1. 3

                                                                                            This kind of armchair quarterbacking isn’t helpful. You could have rephrased all of your points as questions to find out the situation: “I wonder why they didn’t run this through management…” Not only does this make your comment less hostile, it opens you up to learn (as @saturn said, it might have been a legal requirement). Assuming you haven’t changed your mind after learning the full context, you might be able to persuade people that an assumption they held isn’t actually true – that’s how you provide technical advice on something you didn’t build without pissing off the creators.

                                                                                      1. 2

                                                                                        Doing some research on streams and stream processing, specifically looking for concepts that are true across a wide range of disciplines.

                                                                                        The lowest form of streaming I can think of might be people waiting in line for checkout at a local store. Then there’s the circular buffer many of us know and love. At the high end, we’ve probably got things like Netflix and their simian army.

                                                                                        So what topics exist across all of those scales? Well, we’ve probably got window size, processing units, control feedback. Maybe a few others like recursion (for the case of queuing up trees) In fact, I may limit scope to queuing up unknown-sized trees, assuming I can find examples of this in various places. That’s the more interesting case, since you can’t predict performance using simple things like Little’s Law. Much fun ahead.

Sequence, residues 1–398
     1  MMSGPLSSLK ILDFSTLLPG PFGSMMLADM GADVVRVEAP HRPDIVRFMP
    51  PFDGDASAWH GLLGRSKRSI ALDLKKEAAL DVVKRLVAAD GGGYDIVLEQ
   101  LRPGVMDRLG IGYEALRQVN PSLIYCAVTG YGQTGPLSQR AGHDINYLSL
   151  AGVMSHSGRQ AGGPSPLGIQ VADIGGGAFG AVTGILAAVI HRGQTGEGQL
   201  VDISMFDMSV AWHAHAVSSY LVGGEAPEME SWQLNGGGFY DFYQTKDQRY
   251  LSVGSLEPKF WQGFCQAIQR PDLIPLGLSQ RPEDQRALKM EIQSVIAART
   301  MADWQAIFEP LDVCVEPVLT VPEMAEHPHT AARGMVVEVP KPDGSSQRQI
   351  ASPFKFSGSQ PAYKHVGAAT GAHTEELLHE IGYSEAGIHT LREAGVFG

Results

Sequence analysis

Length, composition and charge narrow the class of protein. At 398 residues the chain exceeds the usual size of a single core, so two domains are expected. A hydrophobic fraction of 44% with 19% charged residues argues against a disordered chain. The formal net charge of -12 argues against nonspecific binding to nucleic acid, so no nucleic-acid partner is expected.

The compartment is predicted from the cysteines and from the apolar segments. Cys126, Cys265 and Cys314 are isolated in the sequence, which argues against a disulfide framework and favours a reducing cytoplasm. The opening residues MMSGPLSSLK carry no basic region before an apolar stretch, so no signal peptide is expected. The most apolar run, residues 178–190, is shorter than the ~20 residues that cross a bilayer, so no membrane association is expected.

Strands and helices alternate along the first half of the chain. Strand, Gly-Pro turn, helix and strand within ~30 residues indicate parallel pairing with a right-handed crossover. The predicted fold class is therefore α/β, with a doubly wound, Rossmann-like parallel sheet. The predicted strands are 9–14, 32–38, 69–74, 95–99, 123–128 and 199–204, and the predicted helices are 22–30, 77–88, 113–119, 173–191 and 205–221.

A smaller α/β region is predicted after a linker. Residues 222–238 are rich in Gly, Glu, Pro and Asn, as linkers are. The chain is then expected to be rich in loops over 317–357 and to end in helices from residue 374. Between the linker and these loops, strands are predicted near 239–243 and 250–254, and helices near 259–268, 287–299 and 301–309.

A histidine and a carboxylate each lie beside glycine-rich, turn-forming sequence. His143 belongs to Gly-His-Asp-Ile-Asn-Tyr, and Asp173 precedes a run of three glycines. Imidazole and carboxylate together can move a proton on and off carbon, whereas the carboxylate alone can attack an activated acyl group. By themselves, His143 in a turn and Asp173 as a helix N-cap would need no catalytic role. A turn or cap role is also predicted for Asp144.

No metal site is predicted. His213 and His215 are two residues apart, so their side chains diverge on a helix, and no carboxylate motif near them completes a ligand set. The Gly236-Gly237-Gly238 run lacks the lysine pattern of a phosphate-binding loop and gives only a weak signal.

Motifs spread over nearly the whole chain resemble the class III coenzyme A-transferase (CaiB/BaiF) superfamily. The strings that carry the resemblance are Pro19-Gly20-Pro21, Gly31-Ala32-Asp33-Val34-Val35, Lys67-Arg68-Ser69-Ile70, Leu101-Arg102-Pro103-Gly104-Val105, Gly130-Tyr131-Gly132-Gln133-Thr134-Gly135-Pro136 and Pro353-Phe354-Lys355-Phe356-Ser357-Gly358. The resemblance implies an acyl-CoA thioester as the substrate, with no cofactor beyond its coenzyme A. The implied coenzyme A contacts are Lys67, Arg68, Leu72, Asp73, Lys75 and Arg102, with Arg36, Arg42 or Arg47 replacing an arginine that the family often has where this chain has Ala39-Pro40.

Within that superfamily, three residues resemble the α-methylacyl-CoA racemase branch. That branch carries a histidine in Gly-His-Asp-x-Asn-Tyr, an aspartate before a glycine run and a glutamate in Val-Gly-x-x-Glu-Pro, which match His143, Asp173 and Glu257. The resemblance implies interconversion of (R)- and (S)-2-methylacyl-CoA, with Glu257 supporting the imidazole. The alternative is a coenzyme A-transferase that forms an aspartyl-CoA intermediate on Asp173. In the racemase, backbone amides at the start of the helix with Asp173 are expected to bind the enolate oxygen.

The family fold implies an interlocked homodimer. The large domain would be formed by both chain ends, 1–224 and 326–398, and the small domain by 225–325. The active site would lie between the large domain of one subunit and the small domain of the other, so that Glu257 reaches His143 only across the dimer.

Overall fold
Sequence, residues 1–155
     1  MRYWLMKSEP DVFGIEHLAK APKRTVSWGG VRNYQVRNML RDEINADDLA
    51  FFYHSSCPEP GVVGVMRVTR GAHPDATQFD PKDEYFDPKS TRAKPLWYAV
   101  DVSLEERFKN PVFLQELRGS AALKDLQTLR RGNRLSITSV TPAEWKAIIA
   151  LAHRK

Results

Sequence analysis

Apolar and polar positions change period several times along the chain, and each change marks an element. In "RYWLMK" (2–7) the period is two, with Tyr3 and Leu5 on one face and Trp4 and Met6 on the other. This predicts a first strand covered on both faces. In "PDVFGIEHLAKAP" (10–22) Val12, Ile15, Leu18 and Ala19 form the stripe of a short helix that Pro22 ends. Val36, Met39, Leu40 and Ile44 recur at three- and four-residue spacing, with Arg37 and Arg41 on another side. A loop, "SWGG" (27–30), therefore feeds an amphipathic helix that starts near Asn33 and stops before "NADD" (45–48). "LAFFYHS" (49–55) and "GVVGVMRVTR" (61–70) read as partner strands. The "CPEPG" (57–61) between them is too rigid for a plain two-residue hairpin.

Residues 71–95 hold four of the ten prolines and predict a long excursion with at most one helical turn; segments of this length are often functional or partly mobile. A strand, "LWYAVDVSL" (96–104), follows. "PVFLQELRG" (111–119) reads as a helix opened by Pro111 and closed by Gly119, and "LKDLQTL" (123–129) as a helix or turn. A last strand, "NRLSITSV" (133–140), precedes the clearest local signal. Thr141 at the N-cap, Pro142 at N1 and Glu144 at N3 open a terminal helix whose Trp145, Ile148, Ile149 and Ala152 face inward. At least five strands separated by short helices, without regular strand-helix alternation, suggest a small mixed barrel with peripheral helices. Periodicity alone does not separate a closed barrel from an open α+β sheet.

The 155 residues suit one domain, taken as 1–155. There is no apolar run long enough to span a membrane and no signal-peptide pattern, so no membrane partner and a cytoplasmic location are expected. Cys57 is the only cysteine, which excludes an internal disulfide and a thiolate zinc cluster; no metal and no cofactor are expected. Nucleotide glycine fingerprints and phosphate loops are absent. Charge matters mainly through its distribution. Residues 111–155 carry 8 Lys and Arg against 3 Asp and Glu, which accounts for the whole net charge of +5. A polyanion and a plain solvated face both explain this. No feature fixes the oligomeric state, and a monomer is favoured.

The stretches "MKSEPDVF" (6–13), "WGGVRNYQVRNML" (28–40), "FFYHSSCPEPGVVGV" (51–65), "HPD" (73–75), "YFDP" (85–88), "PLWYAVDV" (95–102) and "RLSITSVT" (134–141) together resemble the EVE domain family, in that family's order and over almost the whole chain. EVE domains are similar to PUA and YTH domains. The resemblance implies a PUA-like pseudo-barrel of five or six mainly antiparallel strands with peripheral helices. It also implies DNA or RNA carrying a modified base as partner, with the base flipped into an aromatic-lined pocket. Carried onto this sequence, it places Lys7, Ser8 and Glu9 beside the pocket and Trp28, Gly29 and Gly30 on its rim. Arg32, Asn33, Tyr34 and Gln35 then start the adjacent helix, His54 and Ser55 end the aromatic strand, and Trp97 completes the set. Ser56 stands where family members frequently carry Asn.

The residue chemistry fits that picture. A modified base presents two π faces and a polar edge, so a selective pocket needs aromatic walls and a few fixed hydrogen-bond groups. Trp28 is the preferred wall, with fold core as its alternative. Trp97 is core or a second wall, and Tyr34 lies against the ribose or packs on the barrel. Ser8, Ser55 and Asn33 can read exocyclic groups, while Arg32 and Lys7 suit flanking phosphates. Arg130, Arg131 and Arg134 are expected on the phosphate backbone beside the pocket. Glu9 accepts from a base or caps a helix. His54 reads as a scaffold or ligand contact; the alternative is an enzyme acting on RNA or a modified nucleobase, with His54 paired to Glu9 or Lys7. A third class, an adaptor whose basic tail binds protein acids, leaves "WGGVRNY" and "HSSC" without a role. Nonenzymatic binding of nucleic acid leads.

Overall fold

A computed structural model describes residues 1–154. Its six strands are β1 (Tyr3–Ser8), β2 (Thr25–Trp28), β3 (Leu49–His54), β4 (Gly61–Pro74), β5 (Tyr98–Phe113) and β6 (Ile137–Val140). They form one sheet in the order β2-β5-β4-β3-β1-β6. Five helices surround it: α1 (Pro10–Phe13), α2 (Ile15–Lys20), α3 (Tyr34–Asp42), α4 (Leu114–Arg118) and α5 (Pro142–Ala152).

1. 2

                                                                                          It sounds like what you’re looking into is queueing theory, although I’m not sure what you mean by ‘trees’ in this context. Depending on how you structure your models, you might find closed-form solutions for a lot of the questions you want to ask (for example, M/M/1 queues have several closed-form solutions to problems).

                                                                                          For more complicated scenarios Monte Carlo simulation can yield results, but you have to worry about how interconnected and “nonlocal” the process can be (think of the scenario where being too late for a bus causes you to miss a flight; the tiny bit of lateness at the bus causes a huge effect somewhere else). https://arxiv.org/pdf/1001.3355.pdf might be helpful if you want to attempt this, it’s a really nice paper describing how to approach the challenges involved.

                                                                                          1. 1

                                                                                            This is very close. Thanks. Makes for a good starting point.

                                                                                            1. 1

                                                                                              Actually, after reading up some more, I think I’m going to punt for a while. The most interesting case is a stream of trees, unbalanced, of arbitrary and unknown depth. The paper is a good start, but it may be too tied to modern web services. I was looking for something more generic that would be applicable in many places aside from CS.

                                                                                              It might make for some monte carlo fun, though. Don’t know.

                                                                                          1. 1

                                                                                            I’m unable to function without __git_ps1. I have a simple hostname:curdir>, with hostname in red and the basename of the current directory (and git info if applicable) in cyan: